Alas, some lights just burn out too quickly, and so we are here to honour those one season wonders that delighted us and very few others. I’ve tried to avoid the obvious choices here - See Firefly, My So-Called Life, Freaks and Geeks, and so on - and focus on the ones that scratched that particular itch for me and basically nobody else. Make sure to share your own choices in the comments.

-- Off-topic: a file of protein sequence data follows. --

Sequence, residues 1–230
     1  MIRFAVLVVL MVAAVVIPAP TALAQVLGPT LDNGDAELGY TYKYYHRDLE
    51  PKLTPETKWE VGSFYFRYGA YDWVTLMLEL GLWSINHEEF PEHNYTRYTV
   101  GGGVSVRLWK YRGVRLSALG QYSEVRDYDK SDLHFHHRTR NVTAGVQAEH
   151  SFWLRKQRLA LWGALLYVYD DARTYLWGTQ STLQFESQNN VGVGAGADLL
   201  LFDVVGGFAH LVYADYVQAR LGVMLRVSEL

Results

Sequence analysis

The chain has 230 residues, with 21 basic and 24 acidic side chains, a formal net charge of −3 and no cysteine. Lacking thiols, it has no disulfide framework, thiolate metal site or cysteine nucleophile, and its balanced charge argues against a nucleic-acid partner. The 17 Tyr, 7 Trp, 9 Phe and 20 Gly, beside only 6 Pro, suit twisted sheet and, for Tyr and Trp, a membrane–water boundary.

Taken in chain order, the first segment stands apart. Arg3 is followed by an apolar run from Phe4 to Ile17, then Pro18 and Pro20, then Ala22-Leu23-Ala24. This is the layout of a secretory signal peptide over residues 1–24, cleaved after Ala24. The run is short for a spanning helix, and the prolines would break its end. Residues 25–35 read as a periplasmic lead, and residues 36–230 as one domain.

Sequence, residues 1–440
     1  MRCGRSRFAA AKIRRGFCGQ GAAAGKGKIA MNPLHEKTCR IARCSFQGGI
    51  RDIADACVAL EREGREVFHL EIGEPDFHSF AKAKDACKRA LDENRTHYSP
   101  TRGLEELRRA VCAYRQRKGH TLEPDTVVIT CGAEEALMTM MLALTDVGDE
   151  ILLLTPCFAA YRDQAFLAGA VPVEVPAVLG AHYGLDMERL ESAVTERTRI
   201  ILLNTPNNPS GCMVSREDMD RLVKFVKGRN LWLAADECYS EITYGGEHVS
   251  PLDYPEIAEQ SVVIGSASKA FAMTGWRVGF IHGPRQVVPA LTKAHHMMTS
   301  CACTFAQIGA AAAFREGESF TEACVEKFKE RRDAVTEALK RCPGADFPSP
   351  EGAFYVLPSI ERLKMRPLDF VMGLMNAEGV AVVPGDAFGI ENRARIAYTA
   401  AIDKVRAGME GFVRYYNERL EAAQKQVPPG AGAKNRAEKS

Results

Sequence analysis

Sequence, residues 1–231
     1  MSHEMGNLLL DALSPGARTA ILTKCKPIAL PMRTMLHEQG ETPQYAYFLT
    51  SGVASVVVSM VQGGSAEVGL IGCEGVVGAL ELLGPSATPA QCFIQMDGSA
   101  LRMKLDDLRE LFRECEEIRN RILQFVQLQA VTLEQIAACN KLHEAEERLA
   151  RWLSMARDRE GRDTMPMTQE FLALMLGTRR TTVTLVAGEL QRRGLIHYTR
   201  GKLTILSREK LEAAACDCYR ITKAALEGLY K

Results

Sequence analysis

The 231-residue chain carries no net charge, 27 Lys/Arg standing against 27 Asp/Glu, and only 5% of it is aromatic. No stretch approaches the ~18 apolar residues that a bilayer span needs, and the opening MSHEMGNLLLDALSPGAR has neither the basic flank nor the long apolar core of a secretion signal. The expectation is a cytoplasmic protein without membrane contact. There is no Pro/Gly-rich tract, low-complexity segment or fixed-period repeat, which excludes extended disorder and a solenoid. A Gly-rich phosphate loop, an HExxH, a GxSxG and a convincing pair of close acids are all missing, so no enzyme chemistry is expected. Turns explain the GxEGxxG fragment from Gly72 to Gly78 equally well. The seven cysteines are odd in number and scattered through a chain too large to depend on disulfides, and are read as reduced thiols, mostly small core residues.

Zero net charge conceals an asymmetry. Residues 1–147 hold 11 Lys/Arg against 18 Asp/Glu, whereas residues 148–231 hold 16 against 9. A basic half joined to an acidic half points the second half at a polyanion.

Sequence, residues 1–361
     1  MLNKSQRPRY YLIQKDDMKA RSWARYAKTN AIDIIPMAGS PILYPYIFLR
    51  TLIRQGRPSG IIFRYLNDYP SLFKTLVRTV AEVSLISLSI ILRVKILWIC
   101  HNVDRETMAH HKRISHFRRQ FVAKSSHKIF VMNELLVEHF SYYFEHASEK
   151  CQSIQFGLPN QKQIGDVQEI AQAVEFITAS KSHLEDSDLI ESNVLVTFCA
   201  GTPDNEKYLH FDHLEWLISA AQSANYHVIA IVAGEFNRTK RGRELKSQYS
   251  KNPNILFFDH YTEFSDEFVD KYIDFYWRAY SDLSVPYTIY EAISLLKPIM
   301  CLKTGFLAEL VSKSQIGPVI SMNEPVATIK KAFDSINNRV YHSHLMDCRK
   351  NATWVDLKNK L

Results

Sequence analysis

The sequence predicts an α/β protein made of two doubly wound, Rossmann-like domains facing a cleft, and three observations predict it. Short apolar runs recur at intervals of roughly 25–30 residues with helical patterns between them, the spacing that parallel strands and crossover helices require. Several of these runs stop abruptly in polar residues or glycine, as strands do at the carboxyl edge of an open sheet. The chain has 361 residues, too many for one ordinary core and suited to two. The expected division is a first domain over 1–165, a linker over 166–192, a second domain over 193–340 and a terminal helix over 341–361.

Did you know Idris Elba was in a vampire noir? And that it only lasted 6 episodes? Truly, the world is a cruel place. In many ways, Ultraviolet was super ahead of its time: A genre mish-mash of cop drama, noir, horror, sci-fi and political allegory where vampires live in secret amongst humanity and are never explicitly called vampires. Jack Davenport, looking very young, plays a police officer who finds himself embroiled in a secret paramilitary organization, supported by both the government and the Vatican, that hunts vampires. Where the show excels beyond its already intriguing premise is in how it takes the vampire concept totally seriously. Nobody sniggers about vampires or makes corny jokes. These creatures are real threats, and they’re planning chaos on a massive scale. Ultraviolet also takes on some lofty topics, from child abuse to PTSD to the intersections between race and illness. One episode centres on a vampire leader of sorts whose captivity deliberately echoes the imagery of IRA supporters imprisoned by British forces. It’s not an especially fun show, although it’s never aiming for fun, so that may be why it didn’t find an audience in its time. It remains a must for vampire geeks like me.